The networks are gearing up to announce their fall schedules next week at the upfronts, but this week we’re starting to learn which pilots have been picked up to series. We saw Fox’s orders last night, and here’s a look at some of the series moving ahead at NBC:
- Believe – Kyle MacLachlan, Johnny Sequoyah, and Delroy Lindo star in this supernatural drama series that follows the unlikely friendship between a gifted young girl and a man recently released from prison. Alfonso Cuaron, J.J. Abrams, Bryan Burk, and Mark Friedman will executive produce, and Cuaron directed the pilot.
- Crisis – Gillian Anderson, Dermot Mulroney, and Rachel Taylor star in this drama series about Washington’s government being pulled into an international conspiracy. Rand Ravich and Far Shariat (Life) will executive produce. Phillip Noyce directed the pilot.
- About a Boy – David Walton, Minnie Driver, and Al Madrigal star in this comedy series adaptation of the Nick Hornby book and subsequent 2002 film. Jason Katims (Parenthood, Friday Night Lights) will executive produce, and Jon Favreau directed the pilot.
- Sean Saves the World – Sean Hayes, Linda Lavin, and Thomas Lennon star in this multi-camera sitcom about a man trying to parent his teenage daughter and appease his boss. Victor Fresco (Better Off Ted) and Todd Milliner (Hot in Cleveland) will executive produce.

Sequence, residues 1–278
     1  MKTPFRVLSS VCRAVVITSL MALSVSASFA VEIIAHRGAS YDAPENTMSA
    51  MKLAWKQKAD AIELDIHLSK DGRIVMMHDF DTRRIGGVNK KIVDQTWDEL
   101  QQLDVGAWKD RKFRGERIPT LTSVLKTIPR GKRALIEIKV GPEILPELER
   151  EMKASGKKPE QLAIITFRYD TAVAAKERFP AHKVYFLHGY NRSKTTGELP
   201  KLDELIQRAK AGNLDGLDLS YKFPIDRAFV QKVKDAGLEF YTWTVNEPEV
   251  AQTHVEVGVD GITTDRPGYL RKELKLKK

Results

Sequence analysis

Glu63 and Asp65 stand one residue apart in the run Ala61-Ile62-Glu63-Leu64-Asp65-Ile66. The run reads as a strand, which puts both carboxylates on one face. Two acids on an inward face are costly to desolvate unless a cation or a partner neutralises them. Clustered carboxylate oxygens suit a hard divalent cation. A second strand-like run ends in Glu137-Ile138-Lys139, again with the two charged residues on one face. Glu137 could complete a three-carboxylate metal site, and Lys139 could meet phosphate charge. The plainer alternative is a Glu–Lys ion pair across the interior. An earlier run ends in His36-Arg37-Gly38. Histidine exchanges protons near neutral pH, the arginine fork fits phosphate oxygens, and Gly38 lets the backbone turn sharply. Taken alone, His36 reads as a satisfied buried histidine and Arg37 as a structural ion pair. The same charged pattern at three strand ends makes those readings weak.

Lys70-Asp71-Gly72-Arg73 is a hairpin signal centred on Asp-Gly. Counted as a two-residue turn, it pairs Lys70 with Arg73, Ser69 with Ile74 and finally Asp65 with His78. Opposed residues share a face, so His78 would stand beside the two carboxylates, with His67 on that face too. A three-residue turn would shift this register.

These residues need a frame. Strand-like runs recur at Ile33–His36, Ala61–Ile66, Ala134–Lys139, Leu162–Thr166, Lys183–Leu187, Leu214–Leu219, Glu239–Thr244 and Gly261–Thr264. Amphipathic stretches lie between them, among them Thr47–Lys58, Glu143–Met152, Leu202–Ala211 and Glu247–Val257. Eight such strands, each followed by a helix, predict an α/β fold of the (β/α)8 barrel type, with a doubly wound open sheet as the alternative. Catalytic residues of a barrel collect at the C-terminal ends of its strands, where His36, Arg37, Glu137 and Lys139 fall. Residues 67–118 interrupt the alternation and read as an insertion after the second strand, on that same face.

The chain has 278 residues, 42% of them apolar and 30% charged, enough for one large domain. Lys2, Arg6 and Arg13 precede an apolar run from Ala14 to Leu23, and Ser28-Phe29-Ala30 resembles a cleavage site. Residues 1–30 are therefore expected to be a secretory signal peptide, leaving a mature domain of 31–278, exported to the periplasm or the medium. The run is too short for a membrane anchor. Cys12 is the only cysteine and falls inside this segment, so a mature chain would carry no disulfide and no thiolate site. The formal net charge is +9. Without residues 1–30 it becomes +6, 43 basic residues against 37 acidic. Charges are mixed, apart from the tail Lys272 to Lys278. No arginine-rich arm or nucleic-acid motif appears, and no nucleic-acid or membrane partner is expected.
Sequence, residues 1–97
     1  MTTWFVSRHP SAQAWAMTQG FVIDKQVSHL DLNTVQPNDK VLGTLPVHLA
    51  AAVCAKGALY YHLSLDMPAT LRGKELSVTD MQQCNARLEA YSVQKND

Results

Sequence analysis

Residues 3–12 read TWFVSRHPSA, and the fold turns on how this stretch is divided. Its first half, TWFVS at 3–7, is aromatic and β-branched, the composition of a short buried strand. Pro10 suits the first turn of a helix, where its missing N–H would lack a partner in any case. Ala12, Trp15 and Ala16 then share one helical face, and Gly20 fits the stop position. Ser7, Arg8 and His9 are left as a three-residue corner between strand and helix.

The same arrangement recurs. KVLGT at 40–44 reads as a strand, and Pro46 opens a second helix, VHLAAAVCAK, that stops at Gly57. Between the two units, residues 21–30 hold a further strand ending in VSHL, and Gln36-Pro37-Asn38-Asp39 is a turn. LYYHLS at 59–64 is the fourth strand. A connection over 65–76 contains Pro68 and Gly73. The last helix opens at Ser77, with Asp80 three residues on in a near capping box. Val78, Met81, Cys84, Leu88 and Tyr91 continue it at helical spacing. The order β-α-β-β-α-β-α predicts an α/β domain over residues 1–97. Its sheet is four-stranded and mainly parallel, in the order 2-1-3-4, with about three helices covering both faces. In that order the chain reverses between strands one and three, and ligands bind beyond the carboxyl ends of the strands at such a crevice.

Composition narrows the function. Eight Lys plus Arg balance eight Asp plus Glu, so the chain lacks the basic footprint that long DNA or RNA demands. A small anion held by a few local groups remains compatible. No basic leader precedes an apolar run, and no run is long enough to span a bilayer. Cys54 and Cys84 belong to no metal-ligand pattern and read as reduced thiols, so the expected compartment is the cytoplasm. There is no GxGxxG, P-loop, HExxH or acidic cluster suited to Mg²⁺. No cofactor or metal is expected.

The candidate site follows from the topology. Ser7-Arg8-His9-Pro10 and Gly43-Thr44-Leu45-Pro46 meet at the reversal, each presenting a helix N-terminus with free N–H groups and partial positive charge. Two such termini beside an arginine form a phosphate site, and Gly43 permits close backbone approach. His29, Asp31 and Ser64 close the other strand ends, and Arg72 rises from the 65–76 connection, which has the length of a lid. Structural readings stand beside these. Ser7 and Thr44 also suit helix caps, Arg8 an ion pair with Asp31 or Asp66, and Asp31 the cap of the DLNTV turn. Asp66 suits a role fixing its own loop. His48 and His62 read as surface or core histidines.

Hit the jump for news regarding the other two comedy pilots order to series, as well as full synopses for all six shows.
Here are the other two comedy pilots ordered to series:
- The Michael J. Fox Show – Michael J. Fox, Besty Brandt, and Kate Finneran star in this comedy about a husband and father of three juggling his family life and dealing with Parkinson’s disease.
- The Family Guide – Parker Posey, J.K. Simmons, and Eli Baker star in this single-camera sitcom about a son who idolizes his blind father. DJ Nash (Bent), Jason Bateman, and Jim Garavente (Mr. Magorium’s Wonder Emporium) will executive produce. David Schwimmer directed the pilot.
Here’s the full lineup. We’ll update with images from the new shows as soon as they’re available. Synopses via Variety.
Levitation, telekinesis, the ability to control nature, even predict the future… Since she was two years old, Bo has had gifts she could neither fully understand, nor control. Raised by a small group known as the “True Believers,” the orphaned girl has been safeguarded from harmful outsiders who would use her forces for personal gain. But now that she is 10, her powers have become stronger, and the threat has grown more dangerous.
With her life and future now in jeopardy, the “Believers” turn to the only person they see fit to be her full-time protector. That is, once they break him out of jail. Tate, a wrongfully imprisoned death row inmate who’s lost his will, is initially reluctant – until he witnesses one of her extraordinary abilities. Bo sees people for who they truly are… and who they may become.
Tate and Bo begin their journey, one in which trust must be earned. Traveling from city to city, every place they stop and everyone they meet will be changed forever. But they’ll have to keep going to stay one step ahead of the sinister forces after Bo’s power…because it will take a miracle to keep them safe forever. The powers of a young girl may hold the fate of our world in Believe, from executive producer J.J. Abrams (Revolution, Star Trek: Into Darkness) and executive producer/writer/director; Alfonso Cuarón (Harry Potter and the Prisoner of Azkaban, Children of Men).